Welcome to the XUL School Tutorial!

欢迎来到XUL School 指南

This tutorial is meant to be the stepping stone that will turn you into a professional Firefox extension developer in no time. We have poured years of XUL experience into it, providing many solutions for problems extension developers commonly run into.

这个指南意欲在最短的时间内让你成为一个专业的 Firefox extension 的开发者. 我们倾注多年 XUL 编程经验, 只为你在开发 extension 中少走弯路.

XUL School was created by Appcoast (formerly Glaxstar), one of the few companies dedicated to building high-quality Firefox extensions. A team of over a dozen XUL developers conformed Glaxstar at the time this tutorial was created, and the combined experiences of years creating Firefox extensions are reflected here.

XUL School 是由 Appcoast(前身是 Glaxstar)来编写的, 它是全身心专注高品质 Firefox extensions 的为数不多的公司之一. 在这个指南创建时, 它还是一个由12个XUL 开发者组成的 Glaxstart 的团队, 多年综合的 firefox extension 编写经验也奉献于此.

With this tutorial you'll learn how to develop Firefox extensions. You'll learn how to quickly do the most common tasks in extension development, comparing several different approaches to solve them. In most cases we'll provide code samples that you can easily copy and adapt to your needs, as well as some working example extensions. The tutorial aims to be as brief as possible, often falling back on Mozilla documentation for more detailed information. You can think of it as a quick guide to the expansive world that is the Mozilla platform. Most links in this documentation are meant to be clicked and read.

在这个指南中你将会学到如何开发Firefox extensions, 你会学到, 相比较于多种不同的方法, 如何快速地完成extension 开发过程中的最常见的任务. 在多数情况下我们会提供代码示例, 你可以很简单的拷贝及修改至你所需要的. 同时我们也提供一个示例的 extensions. 这个指南的目标是越精炼越好, 所以为了得到更多的信息, 你需要经常查看Mozilla 参考文档. 你可以把它当成一个 Mozilla 大舞台的快速入门指南. 文章中的多数链接是可以点击查看的.

We'll start with a brief introduction to some key concepts, in case you're not familiar with Mozilla and Firefox.

我们从一些关键概念开始一个简短的介绍,  万一你对 Mozilla 及 Firefox 不是很了解.

Mozilla and Firefox

The term Mozilla can be used to refer to several concepts: the Mozilla project, the Mozilla Foundation, the Mozilla Corporation and the old Mozilla browser. Even Firefox is sometimes referred to as "Mozilla". If you're unfamiliar with these terms, it's good that you take some time and learn a little about Mozilla. This will help you understand the culture that surrounds the Mozilla community.

Mozilla has spawned several products and projects, the most notable being the Mozilla Firefox web browser. Firefox is one of the most successful open source projects in history, combining the openness, standards-compliance and sophistication of open source with the focus on user experience and powerful outreach more commonly seen in less open companies.

Version 1.0 of Firefox was released in November 2004, version 2.0 in October 2006, and version 3.0 in June 2008. This tutorial was written after Firefox 3 was released, and has been updated with time. While most of it should still work for creating extensions Firefox 3 (and even Firefox 2), it is strongly recommended that you aim to support modern Firefox versions, to encourage users to stay up to date with security fixes. A release that is more than 6 months old is likely vulnerable to published security bugs.


XUL (pronounced "zool") is one of many technologies used for creating Mozilla-based products and extensions. It is only one part of the development landscape, but given that it's practically exclusive to Mozilla, it tends to be used to identify all Mozilla-related development. You'll sometimes read terms like "XUL applications" and "XUL extensions", but rarely will they refer to projects that are exclusively built with XUL. It usually means that the projects were built using Mozilla technologies. Even this project, called XUL School, covers several other technologies such as JavaScript, CSS, XBL and XPCOM.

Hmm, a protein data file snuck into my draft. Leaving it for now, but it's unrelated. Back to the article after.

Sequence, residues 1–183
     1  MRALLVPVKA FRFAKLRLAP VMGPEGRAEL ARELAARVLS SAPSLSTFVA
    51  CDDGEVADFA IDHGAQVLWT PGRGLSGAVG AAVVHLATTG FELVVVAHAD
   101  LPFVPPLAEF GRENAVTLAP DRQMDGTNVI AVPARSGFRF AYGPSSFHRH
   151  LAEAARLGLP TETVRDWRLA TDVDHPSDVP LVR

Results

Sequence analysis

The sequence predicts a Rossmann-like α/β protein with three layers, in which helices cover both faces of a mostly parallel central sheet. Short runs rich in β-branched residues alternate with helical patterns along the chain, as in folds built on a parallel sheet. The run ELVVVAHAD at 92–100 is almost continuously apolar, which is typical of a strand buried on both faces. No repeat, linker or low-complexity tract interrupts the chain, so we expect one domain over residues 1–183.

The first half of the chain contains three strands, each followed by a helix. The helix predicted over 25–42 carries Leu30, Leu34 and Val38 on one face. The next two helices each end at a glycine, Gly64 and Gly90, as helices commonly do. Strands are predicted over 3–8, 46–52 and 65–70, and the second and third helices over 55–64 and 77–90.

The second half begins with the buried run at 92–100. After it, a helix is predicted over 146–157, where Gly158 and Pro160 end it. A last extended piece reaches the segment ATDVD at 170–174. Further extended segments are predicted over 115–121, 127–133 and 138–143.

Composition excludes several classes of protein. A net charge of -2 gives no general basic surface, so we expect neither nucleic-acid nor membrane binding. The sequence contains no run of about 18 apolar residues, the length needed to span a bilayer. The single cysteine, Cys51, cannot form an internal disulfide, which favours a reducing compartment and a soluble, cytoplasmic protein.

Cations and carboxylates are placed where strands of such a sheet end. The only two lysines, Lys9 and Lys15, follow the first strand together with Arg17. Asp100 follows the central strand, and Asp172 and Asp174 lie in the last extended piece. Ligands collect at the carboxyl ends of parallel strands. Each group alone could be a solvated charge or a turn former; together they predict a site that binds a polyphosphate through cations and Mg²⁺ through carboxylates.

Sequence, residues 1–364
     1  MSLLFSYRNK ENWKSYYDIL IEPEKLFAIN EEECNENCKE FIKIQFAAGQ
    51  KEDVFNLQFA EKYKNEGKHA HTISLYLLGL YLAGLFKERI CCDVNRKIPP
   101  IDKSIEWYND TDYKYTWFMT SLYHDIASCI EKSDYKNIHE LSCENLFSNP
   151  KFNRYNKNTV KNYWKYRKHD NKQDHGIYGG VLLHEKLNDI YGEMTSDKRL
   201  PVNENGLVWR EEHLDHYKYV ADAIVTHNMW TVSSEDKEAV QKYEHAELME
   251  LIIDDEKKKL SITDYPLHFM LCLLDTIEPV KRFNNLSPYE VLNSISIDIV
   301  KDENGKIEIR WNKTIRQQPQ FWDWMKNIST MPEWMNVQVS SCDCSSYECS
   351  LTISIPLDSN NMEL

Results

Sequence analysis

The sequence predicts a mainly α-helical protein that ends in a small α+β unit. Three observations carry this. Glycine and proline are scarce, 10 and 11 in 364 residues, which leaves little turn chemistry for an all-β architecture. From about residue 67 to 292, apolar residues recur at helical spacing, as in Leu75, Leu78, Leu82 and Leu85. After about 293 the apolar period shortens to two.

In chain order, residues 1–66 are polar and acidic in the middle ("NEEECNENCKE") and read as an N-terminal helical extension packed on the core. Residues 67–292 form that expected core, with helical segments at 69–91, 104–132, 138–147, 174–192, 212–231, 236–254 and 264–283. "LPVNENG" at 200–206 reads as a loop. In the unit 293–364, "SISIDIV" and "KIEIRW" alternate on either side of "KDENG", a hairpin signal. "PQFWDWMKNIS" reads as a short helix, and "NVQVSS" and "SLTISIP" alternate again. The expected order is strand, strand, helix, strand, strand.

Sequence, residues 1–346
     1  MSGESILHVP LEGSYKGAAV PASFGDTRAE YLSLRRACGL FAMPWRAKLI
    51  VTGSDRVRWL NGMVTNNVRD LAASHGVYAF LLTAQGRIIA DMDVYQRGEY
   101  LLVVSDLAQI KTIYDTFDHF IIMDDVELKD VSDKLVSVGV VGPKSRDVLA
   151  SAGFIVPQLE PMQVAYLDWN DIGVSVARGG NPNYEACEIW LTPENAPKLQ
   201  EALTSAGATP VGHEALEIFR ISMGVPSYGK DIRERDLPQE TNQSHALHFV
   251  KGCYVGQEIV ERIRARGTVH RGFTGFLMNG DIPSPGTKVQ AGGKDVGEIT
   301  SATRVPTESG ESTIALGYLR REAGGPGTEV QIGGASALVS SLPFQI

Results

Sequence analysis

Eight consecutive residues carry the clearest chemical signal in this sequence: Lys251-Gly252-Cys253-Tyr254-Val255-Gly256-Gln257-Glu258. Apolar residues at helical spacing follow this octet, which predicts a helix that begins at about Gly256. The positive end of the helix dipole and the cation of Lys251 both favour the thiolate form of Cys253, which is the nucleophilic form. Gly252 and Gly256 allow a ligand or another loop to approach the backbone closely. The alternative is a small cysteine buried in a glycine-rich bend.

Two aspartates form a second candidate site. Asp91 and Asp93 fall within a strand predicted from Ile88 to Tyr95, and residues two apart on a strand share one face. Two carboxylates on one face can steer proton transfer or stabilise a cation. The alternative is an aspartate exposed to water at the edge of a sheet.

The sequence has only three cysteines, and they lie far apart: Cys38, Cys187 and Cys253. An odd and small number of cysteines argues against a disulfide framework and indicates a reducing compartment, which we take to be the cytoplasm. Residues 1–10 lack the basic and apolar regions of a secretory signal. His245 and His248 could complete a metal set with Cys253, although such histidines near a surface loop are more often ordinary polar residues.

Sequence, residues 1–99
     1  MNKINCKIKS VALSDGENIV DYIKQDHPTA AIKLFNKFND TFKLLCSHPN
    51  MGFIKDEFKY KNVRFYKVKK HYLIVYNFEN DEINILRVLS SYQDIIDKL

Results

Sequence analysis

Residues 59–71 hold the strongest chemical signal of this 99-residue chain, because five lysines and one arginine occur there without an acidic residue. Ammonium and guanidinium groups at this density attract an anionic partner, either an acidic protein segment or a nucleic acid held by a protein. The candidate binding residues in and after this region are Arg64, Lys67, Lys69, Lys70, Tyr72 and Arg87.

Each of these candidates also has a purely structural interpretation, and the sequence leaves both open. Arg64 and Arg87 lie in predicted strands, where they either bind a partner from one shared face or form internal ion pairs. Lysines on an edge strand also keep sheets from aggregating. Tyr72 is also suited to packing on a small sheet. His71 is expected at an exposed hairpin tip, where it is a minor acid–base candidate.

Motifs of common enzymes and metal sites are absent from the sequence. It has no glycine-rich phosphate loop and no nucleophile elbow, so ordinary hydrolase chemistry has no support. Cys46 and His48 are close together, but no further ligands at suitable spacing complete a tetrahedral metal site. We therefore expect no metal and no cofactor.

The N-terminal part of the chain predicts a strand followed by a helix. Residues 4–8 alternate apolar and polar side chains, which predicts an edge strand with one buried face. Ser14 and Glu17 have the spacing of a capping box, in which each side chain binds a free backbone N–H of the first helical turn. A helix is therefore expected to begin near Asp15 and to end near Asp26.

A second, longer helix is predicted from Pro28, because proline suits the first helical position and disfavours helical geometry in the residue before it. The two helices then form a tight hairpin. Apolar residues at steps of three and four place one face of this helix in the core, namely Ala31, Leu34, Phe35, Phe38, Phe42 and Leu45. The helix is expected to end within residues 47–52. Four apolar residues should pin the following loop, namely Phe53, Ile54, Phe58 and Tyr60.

The Gecko engine is the part of Firefox used to render web pages and its own user interface. You can identify the level of compatibility of web standards in Gecko-based browsers looking at their User Agent string, which should include the Gecko version. Gecko versions are somewhat independent from Firefox versions, and you can see a mapping of Firefox versions and Gecko versions at the Gecko page. The User Agent String for Firefox at the time of this writing (in US English, Mac OS X) is:

Mozilla/5.0 (Macintosh; Intel Mac OS X 10.7; rv:7.0.1) Gecko/20100101 Firefox/7.0.1

The highlighted section is the Gecko version: 7.0.1. You can read and copy the user agent string of any Firefox window, choosing "Help > Troubleshooting Information" from the main menu.


Firefox and other Mozilla applications can be seen as composed of two different parts: a user interface layer that is distinct for each project, and a common platform on top of which the interface layer is built. This platform is known as XULRunner. XULRunner includes the Gecko rendering engine, the Necko networking library, and several other components that provide OS-independent file management, accessibility, and localization, among others. It is this very powerful platform that has allowed such a fast growth of the development community surrounding Mozilla and Firefox.

XULRunner is available in binary form at the XULRunner page, and it is the base for several projects, such as Songbird, Miro and Eudora. There's a very comprehensive list of XULRunner applications in the XULRunner Hall of Fame.

On to the Tutorial

With the basic concepts out of the way, we can now get right into extension development. You are probably still wondering what exactly is an extension, what can it do, and how can you make them. Well, this whole tutorial is devoted to explaining that to you.

Welcome to the world of extension development. Now let's get to it.

This tutorial was kindly donated to Mozilla by Appcoast.



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